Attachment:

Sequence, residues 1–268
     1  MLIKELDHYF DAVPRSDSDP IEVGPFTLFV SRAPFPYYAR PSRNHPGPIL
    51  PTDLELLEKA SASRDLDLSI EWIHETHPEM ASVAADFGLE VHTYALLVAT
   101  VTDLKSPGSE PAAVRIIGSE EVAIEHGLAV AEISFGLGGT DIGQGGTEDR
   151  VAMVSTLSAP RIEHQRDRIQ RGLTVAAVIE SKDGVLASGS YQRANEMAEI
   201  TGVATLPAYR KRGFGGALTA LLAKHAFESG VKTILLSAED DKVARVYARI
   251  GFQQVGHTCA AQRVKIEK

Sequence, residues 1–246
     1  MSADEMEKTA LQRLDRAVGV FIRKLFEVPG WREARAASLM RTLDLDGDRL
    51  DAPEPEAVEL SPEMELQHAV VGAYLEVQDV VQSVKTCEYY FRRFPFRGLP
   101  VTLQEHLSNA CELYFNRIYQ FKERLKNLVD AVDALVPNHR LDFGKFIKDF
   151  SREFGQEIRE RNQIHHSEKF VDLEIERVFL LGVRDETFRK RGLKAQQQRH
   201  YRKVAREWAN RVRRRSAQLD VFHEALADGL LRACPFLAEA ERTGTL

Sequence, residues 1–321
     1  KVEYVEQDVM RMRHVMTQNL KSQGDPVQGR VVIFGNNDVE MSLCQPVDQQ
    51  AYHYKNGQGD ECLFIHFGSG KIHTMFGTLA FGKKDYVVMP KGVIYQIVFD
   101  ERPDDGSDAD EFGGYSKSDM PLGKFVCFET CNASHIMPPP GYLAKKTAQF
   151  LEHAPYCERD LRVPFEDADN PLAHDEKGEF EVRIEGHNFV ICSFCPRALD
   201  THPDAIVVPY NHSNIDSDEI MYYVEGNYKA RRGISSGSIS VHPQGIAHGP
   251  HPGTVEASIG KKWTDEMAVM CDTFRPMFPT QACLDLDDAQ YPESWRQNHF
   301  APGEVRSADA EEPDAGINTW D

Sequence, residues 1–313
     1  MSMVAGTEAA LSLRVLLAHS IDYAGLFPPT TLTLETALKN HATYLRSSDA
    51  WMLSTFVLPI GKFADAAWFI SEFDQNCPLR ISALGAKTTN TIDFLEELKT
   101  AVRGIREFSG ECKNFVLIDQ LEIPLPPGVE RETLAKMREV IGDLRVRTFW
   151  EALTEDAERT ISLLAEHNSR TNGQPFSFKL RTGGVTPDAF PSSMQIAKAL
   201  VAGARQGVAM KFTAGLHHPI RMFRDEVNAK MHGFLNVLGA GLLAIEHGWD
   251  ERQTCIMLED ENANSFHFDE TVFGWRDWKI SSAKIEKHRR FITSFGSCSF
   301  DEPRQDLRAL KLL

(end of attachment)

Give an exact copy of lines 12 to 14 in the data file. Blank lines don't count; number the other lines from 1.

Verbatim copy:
   151  SREFGQEIRE RNQIHHSEKF VDLEIERVFL LGVRDETFRK RGLKAQQQRH
   201  YRKVAREWAN RVRRRSAQLD VFHEALADGL LRACPFLAEA ERTGTL

Sequence, residues 1–321